Crunchy Lemon Squares

Squares of elegant lemon loveliness topped with sugary lemony crunch.  I love cakes but I can’t stand those giant sicky-icky cakes smothered in over-sweetened icing and decorated like a fairground ride.  I prefer small cakes and simple cake making, the kind that requires no icing skills.  These lemon squares, like our Chocolate Orange Cake, are excellent for freezing, then defrosting whenever you fancy a small cake with a cup of tea.  Put them in your lunch-box and take them to work.  Wrap them in foil and put them in your bag to eat in secret when you’re in a café that only has those muffins with the consistency of a lump of bread that’s been fished out of the village duck pond.  Eat them in secret.  Eat them in the open.  Share them or hoard them.  Love them.

About the ingredients:
If you want you can use a little less sugar in the cake mixture or substitute some of the caster sugar with soft brown sugar. You can also substitute about 50g semolina/polenta for some of the flour, and then make your baking powder slightly rounded spoonfuls to compensate for the lack of raising agent in semolina. Using a bit of semolina gives the cake a slightly denser, almost sandy texture. I like it.
Don’t use vanilla essence.  It’s nasty.  The thick, gooey extract or vanilla bean paste seems expensive when you first buy it but it’s really concentrated and lasts ages.  

Ingredients for about 16 little cakes:

  • 175g softened butter (i.e. out of the fridge for about an hour)
  • 250g caster sugar
  • 250g self-raising flour
  • 1½ teaspoons baking powder
  • 3 eggs
  • 6 tablespoons milk
  • Grated rind of 1½ lemons
  • Juice of 1 lemon
  • Vanilla extract/paste – about ¼ teaspoon

Ingredients for the topping:

  • Juice of 1½ lemons
  • 175g granulated sugar


  • Mixing bowl and wooden spoon/Electric mixer
  • Lemon zester
  • Lemon squeezer
  • Cake tin measuring approximately 24cm square
  • Baking parchment/greaseproof paper for lining 

Preheat the oven to 180º.

Lining a tin

Line the tin with baking parchment/greaseproof paper. The best way to do this is to cut the paper out about 4cm bigger than the tin, then fold all four sides over so that you have a folded square in the middle that’s the same size as the base of the tin.   At each corner cut along one of the folded lines just the 4cm bit until you reach the corner of the base shape. This gives you a flap at each corner which you then tuck behind one of the sides when you put the paper in the tin.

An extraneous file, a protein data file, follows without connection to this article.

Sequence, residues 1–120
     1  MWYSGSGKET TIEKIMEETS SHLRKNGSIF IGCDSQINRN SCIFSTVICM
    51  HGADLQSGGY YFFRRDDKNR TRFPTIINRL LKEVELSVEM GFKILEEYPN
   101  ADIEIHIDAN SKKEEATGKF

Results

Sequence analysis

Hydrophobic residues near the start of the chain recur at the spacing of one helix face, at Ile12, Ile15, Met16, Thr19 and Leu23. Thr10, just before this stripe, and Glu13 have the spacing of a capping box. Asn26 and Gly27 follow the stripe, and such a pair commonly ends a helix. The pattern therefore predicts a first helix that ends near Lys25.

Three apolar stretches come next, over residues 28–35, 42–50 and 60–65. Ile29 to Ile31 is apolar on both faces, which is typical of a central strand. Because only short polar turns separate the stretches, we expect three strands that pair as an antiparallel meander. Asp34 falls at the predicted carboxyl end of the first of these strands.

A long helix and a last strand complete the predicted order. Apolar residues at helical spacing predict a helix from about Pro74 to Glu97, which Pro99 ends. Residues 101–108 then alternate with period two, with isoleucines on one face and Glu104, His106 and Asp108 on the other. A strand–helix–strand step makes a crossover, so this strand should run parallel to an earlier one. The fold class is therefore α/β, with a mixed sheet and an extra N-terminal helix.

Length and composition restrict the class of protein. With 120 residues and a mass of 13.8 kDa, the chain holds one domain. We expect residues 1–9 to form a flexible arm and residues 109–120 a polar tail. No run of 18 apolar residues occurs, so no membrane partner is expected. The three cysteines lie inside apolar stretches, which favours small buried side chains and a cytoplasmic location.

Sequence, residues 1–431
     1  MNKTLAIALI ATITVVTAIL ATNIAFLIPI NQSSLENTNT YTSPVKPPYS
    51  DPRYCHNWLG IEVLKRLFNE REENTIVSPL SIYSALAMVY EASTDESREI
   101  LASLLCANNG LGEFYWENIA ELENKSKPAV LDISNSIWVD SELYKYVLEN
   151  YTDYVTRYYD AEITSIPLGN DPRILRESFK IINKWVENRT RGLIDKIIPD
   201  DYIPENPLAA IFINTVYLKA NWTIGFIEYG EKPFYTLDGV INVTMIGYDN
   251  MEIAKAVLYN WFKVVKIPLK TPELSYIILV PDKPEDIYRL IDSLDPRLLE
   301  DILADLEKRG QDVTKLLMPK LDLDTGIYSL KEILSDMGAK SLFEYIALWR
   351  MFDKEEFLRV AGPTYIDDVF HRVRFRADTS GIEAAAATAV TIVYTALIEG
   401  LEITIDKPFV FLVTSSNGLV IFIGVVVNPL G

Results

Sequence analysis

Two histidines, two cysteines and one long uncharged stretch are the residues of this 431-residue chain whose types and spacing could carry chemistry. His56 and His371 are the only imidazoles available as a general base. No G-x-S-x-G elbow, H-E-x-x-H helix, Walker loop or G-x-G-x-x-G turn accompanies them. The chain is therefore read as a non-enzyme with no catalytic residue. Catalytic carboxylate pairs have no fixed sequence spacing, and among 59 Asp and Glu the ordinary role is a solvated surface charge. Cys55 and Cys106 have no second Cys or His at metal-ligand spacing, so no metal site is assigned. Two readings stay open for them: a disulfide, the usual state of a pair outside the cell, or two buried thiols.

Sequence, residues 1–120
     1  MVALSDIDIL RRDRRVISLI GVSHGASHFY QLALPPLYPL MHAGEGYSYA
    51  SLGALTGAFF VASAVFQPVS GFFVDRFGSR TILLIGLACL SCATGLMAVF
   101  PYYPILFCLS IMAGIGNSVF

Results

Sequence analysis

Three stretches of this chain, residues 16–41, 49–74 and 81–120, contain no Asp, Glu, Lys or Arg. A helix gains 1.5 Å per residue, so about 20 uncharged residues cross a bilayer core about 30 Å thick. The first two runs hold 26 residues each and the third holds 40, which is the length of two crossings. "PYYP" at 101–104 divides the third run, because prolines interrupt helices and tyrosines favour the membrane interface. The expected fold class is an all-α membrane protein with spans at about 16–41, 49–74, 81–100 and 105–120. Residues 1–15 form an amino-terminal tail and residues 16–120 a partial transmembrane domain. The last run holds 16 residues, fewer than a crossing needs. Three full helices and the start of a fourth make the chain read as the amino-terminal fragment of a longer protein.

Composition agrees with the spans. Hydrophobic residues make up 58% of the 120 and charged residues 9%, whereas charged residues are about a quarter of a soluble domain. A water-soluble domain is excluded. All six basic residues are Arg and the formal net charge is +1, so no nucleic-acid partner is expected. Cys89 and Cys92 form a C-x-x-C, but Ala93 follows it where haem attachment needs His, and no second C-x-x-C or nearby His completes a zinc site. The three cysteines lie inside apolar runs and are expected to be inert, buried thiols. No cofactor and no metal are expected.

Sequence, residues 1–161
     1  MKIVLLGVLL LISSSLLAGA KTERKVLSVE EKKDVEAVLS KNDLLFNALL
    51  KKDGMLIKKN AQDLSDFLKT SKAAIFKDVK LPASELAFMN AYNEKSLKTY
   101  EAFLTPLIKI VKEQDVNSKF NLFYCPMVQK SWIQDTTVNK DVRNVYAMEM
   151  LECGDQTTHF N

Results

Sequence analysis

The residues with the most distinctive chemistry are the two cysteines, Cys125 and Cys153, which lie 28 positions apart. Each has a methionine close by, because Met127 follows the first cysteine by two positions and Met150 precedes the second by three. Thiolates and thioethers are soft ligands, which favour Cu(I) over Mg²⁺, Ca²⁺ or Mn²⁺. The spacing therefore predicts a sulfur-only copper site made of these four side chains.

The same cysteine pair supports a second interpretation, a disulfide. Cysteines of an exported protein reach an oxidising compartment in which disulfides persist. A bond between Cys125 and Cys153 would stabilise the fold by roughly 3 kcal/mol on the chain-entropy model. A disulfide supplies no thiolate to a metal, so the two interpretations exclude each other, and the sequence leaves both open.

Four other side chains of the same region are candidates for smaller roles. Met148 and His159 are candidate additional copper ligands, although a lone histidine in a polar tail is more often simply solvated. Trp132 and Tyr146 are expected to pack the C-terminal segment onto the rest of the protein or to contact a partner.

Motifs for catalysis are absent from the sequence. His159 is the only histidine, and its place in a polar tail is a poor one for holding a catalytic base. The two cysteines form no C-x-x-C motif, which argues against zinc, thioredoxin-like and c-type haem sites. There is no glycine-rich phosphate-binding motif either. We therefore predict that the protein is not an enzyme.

Lemon zest

When you zest the lemon, it’s great to use a little zester like the one in the picture.  If you don’t have one of these, use a grater.  But be sure that you only take the yellow zest and none of the bitter white pith.   Lemon juiceBeat the butter with the sugar until it’s pale and creamy. If you have an electric mixer then lucky you. If not, beat it with a wooden spoon. Add the eggs, milk, lemon zest, lemon juice and vanilla and beat a bit more. Add the flour and baking powder and beat a bit more. It should be the consistency of clotted cream.

Lemon square mixtureScrape it all into the prepared tin, make sure it’s pushed into the corners, smooth it a little bit (no need to make it super-smooth) and put it in the oven for about 30-40 minutes.   You know it’s done because a) it’ll look and smell done b) the edges will be starting to shrink away from the paper c) if you stick a sharp knife into the middle it comes out clean. 

Leave it in the tin to cool a little – only about 10 minutes.

Finished cake

Mix the sugar and lemon juice for the topping and spoon over the cake while the cake is still warm. The topping will all try to run into the edges and corners so keep scraping it back a bit to the middle. But inevitably more will be at the edges than in the middle and this doesn’t matter. It just means that the cakes won’t all be exactly the same, but what’s the point of homemade if it looks like it’s come out of a factory?

When the cake has cooled cut into 16 squares.

Cakes on a plate


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